After the Outrage: UMe's Birth of the Cool Reissue Reconsidered

After calming down following the original Birth of the Cool review I took a deep breath and listened again. What's more i realized I had two more versions of the record: a Dutch Odeon pressing (lime green Capitol label) from 1972 (5C052 80 798) with a different cover that you can pick up on Discogs for a few bucks, and a mysterious one from I believe a German label called Good Buy (Good Buy 2 F 671045) released around the same time as Classic's, which remains the best sounding available and so costs well over $100 on Discogs.

The Good Buy reissue is probably a bootleg cut from a CD—probably the 1998 reissue references in the credits here. That's what it sounds like. It's flat and bright and after a while annoying but has more life than does the new reissue. That said, the packaging on the new reissue rates an 11. It's modeled after a Music Matters reissue with an inner gatefold containing a few good Miles black and whites, one glossy on the inner gatefold and a larger striking shot of a young Miles holding his horn. The booklet's essay by music historian Ashley Kahn and some great photos in the booklet almost makes it worth the purchase despite the dreadful sound—and I don't take back a word of what I originally wrote.

In fact, what I suggest doing, is buying this, getting the Dutch pressing off of Discogs for a few dollars and substituting it for what comes with this set. It's better. By far. Interestingly the Gerry Mulligan essay appearing in this new reissue's booklet is on the back of that 1972 Dutch reissue and for all I know that's where it original appeared and that's for what Mulligan wrote it. There's also a short interesting essay by Phil Schaap from 1998, probably written for the aforementioned CD reissue from that year.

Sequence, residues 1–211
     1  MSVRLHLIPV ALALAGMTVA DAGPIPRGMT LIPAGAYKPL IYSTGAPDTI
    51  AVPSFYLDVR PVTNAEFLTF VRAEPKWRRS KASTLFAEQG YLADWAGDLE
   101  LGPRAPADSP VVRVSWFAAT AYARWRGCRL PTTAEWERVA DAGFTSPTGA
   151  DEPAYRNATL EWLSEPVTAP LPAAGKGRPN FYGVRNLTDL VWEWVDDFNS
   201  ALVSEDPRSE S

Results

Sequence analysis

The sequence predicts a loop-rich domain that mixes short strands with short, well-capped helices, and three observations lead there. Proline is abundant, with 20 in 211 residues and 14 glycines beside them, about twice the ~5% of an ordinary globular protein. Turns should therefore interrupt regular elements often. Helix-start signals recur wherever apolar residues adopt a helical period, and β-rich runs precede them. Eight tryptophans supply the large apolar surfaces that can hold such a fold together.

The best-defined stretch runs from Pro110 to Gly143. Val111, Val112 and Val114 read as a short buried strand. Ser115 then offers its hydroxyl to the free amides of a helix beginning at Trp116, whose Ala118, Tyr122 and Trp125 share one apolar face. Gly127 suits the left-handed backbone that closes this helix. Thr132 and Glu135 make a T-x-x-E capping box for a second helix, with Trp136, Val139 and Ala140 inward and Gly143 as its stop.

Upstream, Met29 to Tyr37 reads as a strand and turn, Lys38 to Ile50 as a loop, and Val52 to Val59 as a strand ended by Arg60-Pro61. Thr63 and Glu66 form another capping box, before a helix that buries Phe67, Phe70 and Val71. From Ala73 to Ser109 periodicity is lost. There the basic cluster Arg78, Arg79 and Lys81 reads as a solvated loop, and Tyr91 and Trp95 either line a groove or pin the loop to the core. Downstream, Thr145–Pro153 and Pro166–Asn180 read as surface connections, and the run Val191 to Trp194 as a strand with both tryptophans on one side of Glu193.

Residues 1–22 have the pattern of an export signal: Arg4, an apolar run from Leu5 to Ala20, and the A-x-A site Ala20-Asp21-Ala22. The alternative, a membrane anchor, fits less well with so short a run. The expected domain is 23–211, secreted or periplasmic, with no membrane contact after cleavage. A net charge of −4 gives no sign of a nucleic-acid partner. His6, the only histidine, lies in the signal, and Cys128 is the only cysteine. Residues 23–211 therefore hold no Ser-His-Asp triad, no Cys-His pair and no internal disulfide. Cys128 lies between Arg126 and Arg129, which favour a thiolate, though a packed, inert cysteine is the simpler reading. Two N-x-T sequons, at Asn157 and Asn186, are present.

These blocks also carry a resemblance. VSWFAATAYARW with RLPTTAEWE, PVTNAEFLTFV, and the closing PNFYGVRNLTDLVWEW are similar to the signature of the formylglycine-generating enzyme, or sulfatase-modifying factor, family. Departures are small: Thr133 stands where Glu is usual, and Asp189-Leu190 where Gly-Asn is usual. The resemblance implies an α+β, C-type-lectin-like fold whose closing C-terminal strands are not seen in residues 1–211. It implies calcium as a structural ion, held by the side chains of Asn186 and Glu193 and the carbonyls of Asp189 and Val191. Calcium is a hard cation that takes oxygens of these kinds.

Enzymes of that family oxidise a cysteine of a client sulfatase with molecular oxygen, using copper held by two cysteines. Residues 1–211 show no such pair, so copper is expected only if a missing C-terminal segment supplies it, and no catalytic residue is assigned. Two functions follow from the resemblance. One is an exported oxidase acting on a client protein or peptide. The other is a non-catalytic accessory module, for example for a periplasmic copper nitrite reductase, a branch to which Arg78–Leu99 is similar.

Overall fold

The final page credits insist that previous reissues of the studio album were mastered from "second generation sources". It continues: "This release marks the first time since 1957 the LP has been mastered from original analog session reels." I believe it!

But that just makes this an even greater disgrace. All of the producer's attention was paid to the packaging, none was paid to the sound. Here's an idea: let's have an all analog re-do done right and packaged in a plain white paper sleeve. If you already bought this, you'd have to pay some more but if you love this music, it would be well worth it.

Kahn's essay is fascinating and makes clear that these were overlooked sessions that had little impact when first released on 78s. The music was considered "oddball"—a little big band (originally labeled "Miles Davis and his Orchestra") and the great title "Birth of the Cool" was a later creation. I hope the essay makes it online because it's a fascinating and worthwhile read.

As I wrote, I'm not taking back a word of what I originally wrote. It was not an overreaction. It was the truth.

Chemguy's picture

...nor should you take anything back...a lousy effort on the record company’s part may need an excoriation. Well done.
But I won’t be talking your not-too-serious advice in the third paragraph: I’m not buying this or any inferior sounding reissue. I’ll wait for the best effort to be put forth for this important record.

mraudioguru's picture

...the title to this piece, I thought you caved Mikey, but no you didn't! Way to stand by your comments. I wouldn't have bought this anyway, but it's nice to read an honest review.

firedog's picture

Maybe it's me, but I've always thought the sound of this album was mediocre at best. I have much better sounding LPs and CDs of jazz material from this same era.
I don't know if this is an album I'd be spending the bucks on for a re-issue. Maybe smarter to spend the budget on a reissue that really sounds good.

djhurley92's picture